Kangaroo genome now sequenced

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Photo: An adult tammar wallaby. (Andrew Pask/UConn Photo)

The tammar wallaby is the first Australian marsupial to have its genome sequenced. Researchers were surprised to find out that many of the wallaby genes are similar to those found in humans. Because baby wallabies (aka: joey) develop in a pouch outside the mother’s body it is easier to study mammalian development in these animals. Having the genome sequence just makes that research as well as other research on the animals that much more informative. I was surprised to learn how well the wallaby sense of smell is. The baby wallabies have as many as 1500 genes just for olfactory (smell) receptors.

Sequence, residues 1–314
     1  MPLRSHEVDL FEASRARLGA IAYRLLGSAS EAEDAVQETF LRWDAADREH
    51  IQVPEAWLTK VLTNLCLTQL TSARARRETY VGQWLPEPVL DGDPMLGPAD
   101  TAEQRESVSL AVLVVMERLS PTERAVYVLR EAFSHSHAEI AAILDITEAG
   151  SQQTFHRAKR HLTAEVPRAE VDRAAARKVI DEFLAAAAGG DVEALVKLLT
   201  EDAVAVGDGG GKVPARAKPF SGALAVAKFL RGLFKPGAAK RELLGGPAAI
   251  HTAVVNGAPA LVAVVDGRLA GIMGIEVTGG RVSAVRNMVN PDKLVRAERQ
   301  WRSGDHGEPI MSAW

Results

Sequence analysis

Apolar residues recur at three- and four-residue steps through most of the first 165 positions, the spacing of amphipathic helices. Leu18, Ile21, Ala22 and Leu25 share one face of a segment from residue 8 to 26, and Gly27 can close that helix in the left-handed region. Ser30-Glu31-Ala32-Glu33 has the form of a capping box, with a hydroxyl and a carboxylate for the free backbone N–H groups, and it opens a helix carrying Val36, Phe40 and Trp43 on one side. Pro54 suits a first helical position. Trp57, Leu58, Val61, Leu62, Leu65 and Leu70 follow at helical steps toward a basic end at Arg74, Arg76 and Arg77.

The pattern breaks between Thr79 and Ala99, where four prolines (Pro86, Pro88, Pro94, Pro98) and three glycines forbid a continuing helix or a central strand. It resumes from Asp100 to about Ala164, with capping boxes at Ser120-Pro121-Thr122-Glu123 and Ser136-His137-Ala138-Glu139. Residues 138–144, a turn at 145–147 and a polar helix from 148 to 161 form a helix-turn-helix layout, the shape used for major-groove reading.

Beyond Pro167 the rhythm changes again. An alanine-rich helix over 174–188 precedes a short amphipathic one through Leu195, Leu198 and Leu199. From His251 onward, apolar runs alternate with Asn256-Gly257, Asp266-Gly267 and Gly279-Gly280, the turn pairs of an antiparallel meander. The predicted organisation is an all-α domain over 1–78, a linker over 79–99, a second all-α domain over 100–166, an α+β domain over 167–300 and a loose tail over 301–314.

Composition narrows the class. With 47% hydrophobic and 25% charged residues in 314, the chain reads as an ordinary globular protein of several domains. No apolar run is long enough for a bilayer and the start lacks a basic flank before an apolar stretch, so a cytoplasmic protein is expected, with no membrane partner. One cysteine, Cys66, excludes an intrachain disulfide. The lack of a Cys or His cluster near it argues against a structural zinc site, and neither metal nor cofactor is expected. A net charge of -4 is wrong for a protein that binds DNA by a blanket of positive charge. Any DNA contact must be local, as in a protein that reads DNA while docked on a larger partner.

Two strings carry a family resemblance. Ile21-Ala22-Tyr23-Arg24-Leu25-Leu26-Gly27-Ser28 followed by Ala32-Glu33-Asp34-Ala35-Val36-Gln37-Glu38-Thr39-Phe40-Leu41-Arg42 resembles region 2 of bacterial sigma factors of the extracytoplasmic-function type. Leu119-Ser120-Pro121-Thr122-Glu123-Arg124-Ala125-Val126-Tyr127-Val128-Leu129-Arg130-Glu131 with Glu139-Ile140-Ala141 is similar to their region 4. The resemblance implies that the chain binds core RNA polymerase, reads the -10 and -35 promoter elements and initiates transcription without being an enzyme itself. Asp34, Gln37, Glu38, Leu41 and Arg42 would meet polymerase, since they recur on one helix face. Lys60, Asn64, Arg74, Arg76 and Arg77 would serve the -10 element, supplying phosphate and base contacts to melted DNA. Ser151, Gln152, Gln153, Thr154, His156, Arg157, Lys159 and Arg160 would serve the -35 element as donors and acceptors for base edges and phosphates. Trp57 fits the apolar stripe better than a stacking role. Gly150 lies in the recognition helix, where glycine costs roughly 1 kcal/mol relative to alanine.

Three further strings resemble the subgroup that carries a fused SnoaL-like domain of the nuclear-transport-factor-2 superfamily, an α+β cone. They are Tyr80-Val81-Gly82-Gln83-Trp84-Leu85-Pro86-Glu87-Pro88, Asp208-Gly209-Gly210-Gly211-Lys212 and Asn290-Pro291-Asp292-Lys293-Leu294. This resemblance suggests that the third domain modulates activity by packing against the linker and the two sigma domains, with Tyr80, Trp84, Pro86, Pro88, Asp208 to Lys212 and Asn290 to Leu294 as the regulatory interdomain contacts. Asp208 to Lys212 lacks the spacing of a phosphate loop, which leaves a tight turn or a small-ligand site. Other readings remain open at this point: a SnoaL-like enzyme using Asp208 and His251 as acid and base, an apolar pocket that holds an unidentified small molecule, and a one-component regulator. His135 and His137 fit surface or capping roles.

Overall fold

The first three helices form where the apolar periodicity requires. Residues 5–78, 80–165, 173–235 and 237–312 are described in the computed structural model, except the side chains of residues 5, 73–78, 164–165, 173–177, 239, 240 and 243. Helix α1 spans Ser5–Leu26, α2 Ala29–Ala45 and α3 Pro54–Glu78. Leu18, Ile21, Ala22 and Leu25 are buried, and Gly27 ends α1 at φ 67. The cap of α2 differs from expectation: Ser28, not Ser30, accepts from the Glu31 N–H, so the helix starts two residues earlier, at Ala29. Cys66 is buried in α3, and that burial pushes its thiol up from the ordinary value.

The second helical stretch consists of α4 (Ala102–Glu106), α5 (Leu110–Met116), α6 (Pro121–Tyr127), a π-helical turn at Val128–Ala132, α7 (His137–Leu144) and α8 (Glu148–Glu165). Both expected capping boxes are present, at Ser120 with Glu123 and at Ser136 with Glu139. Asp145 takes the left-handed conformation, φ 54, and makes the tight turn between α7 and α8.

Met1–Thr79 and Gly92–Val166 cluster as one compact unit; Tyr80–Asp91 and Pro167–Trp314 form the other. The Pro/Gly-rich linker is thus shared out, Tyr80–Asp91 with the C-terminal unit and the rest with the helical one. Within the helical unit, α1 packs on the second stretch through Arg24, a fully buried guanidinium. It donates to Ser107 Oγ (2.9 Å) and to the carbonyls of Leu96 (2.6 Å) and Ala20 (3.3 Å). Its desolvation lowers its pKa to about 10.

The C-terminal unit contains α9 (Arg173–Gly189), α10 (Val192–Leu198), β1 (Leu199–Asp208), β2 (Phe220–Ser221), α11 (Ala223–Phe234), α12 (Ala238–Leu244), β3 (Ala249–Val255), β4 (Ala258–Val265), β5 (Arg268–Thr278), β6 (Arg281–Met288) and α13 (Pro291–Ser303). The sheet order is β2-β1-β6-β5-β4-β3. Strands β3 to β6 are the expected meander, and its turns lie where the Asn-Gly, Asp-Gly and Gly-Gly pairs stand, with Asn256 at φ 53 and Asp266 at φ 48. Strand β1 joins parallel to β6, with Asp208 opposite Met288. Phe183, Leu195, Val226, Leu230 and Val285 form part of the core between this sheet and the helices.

Source:
U Conn Today

Comments

  1. #1 IW
    November 15, 2011

    So how many jumping genes did they find…?!

  2. #2 Connor
    November 15, 2011

    Awesome post, it’s very good, so keep creating more.

  3. #3 Barb
    November 17, 2011

    Any interesting genetic mutations in wallabies that can now help to learn more about similar mutations in other species (i.e., humans)?